Somebody yell Judas, because Sam Amidon has gone electric.
Or at least that was my first reaction to How Come That Blood, the opening track to Amidon's second album I See the Sign. Shahzad Ismaily lays down a funky bass over spiderwebs of plucked strings and light percussion. Amidon's voice drones out in its typically droll manner, uninflected and bold. Though All is Well, Amidon's brilliant debut, was not acoustic by any means, this is a much greater leap away from a characteristically folk sound. It's dense in a way that his first album was not--what Muhly's orchestrations and Valgeir Sigurðsson's production achieved on that album was the illusion of a natural, even primeval, acoustic space. The comparison to Bob Dylan is apt; I See the Sign, on first glance, seems to be a departure from Amidon's previous work, but upon closer examination is simply a continuation of his musical direction.
But that electric sound was worlds away from Amidon's show Wednesday night at the Mercury Lounge, which was simpler, and significantly more elemental, than All is Well. We were presented with the bare bones of Amidon's musical abilities: him playing acoustic guitar or banjo, Ismaily accompanying on electric guitar and drums. The sound was light and free, unadorned compared to the deliberate layering of the albums. How Come That Blood became a completely different song, emphasizing Amidon's deft banjo and his upbeat pluck. Amidon and Ismaily played eleven songs off of both albums in a variety of folk styles, running the gamut from bluegrass to Sacred Harp-inflected old Christian tunes.
What's remarkable about Amidon's talent, especially given his age, is not just his ability to draw upon the rich American tradition of folk music. It's that he seamlessly blends that gift of recalling a distant, imaginary past with a sense of playful experimentation---avant-garde antics not just thrown into the mix, but integrated with the folk sound. His set demonstrated his full musical journey: learning murder ballads and Sacred Harp songs as a child, rebelling and learning free jazz as a teen, and as an adult re-discovering the hidden power of that well of tradition that is the American folk. Amidon's bizarre vocal screech, which appeared suddenly in the middle of low-key songs like I Saw the Sign, is an emblem of that experimental sound; his voice echoes a kind of electric distortion, foreign from the sound of folk music but befitting its style. His strange little anecdotes told between songs, which once turned into brief instrumental free jazz interlude as he shredded on his banjo, were more Beckett than Woody Guthrie. And the hypnotic gesture he made at the end of Prodigal Son, a strange and distant pose, suggested both liturgical dance and Merce Cunningham's fierce choreography. It was perfectly in line with the lyrics: "I believe I'll go back home/acknowledge I've done wrong." Ismaily's methodically beating drum made it appear that Amidon was cowering, the prodigal son fearing his father's wrath.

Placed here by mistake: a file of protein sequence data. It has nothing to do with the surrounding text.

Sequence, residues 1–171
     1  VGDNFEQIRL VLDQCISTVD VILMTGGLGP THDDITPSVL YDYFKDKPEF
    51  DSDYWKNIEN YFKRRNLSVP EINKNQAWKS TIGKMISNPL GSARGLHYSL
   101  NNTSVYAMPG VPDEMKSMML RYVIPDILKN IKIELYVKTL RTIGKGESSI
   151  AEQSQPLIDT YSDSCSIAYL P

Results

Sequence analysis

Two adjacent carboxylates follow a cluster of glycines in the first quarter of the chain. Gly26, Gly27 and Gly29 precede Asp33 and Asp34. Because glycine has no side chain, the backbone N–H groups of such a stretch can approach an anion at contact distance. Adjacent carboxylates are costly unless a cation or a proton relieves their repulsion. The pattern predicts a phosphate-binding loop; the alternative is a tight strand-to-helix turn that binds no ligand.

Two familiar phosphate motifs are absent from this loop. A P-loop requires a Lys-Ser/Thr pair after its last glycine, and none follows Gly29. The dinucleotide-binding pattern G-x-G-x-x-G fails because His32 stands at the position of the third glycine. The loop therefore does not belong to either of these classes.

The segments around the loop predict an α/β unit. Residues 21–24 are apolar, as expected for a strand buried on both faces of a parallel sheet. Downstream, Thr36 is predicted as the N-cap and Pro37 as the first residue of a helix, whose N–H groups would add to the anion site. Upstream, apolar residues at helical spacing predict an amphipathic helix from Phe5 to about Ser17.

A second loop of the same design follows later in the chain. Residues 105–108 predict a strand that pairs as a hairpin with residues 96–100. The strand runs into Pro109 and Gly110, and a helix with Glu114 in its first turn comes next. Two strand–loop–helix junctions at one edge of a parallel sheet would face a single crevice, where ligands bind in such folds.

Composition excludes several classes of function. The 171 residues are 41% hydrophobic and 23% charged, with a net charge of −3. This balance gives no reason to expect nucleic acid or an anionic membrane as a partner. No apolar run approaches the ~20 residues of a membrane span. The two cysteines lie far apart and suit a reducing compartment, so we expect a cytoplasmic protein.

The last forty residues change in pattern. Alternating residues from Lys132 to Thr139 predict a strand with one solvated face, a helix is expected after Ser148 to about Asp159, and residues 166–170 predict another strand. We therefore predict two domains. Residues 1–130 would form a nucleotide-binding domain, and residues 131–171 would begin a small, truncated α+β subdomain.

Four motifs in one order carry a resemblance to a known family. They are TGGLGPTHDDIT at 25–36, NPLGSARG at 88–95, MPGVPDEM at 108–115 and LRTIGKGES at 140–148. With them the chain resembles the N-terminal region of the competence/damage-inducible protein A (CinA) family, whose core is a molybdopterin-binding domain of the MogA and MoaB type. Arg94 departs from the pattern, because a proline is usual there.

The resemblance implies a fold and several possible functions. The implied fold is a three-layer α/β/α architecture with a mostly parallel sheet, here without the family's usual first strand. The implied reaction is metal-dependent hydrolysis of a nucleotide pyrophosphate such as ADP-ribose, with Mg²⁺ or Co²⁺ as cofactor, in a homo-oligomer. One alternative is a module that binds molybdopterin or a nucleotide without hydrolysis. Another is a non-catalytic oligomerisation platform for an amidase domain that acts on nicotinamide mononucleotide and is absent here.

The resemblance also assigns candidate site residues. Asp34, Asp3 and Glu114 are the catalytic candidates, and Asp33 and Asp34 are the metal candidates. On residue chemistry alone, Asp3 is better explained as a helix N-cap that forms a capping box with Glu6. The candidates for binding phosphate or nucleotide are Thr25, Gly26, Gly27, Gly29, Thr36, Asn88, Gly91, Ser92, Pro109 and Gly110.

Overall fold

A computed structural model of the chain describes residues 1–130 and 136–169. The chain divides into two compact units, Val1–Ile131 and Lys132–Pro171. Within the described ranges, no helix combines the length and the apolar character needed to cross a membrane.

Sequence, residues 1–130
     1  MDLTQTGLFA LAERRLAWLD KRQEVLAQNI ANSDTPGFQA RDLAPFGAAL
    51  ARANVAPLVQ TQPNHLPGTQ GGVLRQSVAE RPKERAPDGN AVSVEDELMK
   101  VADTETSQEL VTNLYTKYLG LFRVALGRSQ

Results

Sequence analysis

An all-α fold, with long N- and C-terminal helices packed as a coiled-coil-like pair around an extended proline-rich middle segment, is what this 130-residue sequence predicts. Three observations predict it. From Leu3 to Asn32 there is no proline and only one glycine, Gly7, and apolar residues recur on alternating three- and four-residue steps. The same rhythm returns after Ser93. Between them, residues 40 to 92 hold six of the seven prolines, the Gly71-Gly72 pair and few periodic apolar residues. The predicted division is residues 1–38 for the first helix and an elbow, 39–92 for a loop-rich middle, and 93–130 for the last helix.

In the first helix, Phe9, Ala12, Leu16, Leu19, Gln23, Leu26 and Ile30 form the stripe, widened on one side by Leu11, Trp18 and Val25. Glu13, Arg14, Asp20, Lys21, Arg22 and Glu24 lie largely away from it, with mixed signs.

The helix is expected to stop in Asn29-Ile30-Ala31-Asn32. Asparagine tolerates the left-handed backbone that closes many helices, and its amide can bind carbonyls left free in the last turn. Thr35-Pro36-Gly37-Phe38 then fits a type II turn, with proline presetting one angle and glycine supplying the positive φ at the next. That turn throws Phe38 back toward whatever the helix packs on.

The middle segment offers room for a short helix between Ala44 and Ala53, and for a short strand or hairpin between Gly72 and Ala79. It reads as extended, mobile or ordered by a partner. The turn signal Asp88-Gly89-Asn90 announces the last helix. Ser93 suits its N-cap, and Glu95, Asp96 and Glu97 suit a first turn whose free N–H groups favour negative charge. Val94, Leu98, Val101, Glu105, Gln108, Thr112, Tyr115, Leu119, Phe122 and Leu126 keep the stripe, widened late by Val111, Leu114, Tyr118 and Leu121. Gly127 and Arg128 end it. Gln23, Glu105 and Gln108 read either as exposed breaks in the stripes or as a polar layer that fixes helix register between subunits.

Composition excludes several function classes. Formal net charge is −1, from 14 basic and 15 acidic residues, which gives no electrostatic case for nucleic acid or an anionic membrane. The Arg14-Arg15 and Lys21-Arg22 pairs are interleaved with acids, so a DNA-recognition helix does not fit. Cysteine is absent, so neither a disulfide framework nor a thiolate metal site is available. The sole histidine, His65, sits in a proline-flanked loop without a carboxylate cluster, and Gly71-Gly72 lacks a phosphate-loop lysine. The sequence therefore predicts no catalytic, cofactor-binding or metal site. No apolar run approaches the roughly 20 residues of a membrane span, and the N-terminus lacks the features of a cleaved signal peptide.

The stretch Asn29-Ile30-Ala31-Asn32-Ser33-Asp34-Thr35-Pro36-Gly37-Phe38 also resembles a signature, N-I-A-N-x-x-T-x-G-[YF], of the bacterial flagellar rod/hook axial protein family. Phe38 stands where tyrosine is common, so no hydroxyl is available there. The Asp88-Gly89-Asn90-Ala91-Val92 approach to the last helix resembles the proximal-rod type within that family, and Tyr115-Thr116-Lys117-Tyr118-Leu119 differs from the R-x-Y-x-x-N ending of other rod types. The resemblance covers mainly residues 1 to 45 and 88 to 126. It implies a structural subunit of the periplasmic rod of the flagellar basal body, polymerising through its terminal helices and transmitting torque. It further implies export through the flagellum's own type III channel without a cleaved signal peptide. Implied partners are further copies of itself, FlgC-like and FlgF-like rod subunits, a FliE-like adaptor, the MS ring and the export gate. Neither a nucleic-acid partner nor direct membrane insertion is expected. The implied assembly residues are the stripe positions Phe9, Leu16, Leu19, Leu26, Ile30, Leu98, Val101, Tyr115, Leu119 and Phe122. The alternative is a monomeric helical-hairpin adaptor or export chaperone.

Each song was a highlight unto its own, with no low moments. In a cute touch, Ismaily scatted Muhly's string arrangements in Saro, accompanying Amidon's clean, plain, and delightful singing. Rain and Snow showed off Amidon's vocal talents the best, combining their natural and artificial elements into a ballad of restrained anger. One tune I didn't recognize, which began with "As I rode down on a cold winter's night,"was imbued it with an ancient twang, with Amidon wailing "I" as a holler from the past (think Soggy Bottom Boys and I Am a Man of Constant Sorrow). Satchel, one of my favorites off of All is Well, lost a bit without Muhly's arrangements but Amidon reveled in its crafted purity, playing it fast and loose.
Amidon most blatantly draws upon his roots in Kedron, one of the Sacred Harp hymns sung by his parents on the Word of Mouth Chorus album (which I highly recommend). His plaintive cry of "Come and mourn with me," was accompanied by a light dusting of electric guitar courtesy of Ismaily, a radically different style from that of his parents, but one which fits the spirit of the music. Ryan Sawyer, who goes by Lone Wolf, joined the duo on percussion for the final two songs. Pretty Fair Damsel formed another one of Amidon's bridges between folk and free jazz, matching that wonderfully anonymous dialogue present in so many ballads (in this case describing a woman retaining her faith to a man off at war) with an instrumental chaos worth of John Zorn (Ismaily has played with Zorn in the past). The final number combined Climbing High Mountains and What a Relief, both songs lighthearted and optimistic, the latter a joyful singalong. "What a relief," became an ennobling mantra, the oddity of an old-time tune repeated by a swath of hipsters on the Lower East Side.
The opening act, Partyface (featuring Ismaily and a female singer whose name I can't seem to find), was a little bit entrancing and a little bit frustrating. The difficult acoustics of the venue were most apparent in their short set; the singer's voice seemed to lose its sweetness in the amplification, and Ismaily's vocal backups disappeared as well. Her cool vibrato and low key guitar played off nicely with lyrics which tended towards the bitter and acerbic. Their best song, Violence (dedicated to "the intoxicating beauty of the oil spill"), curved from bleak to hopeful, and I lost myself in their sound. But often the music sounded scrappy and unplanned, and Amidon's well-rehearsed set was a breath of fresh air.
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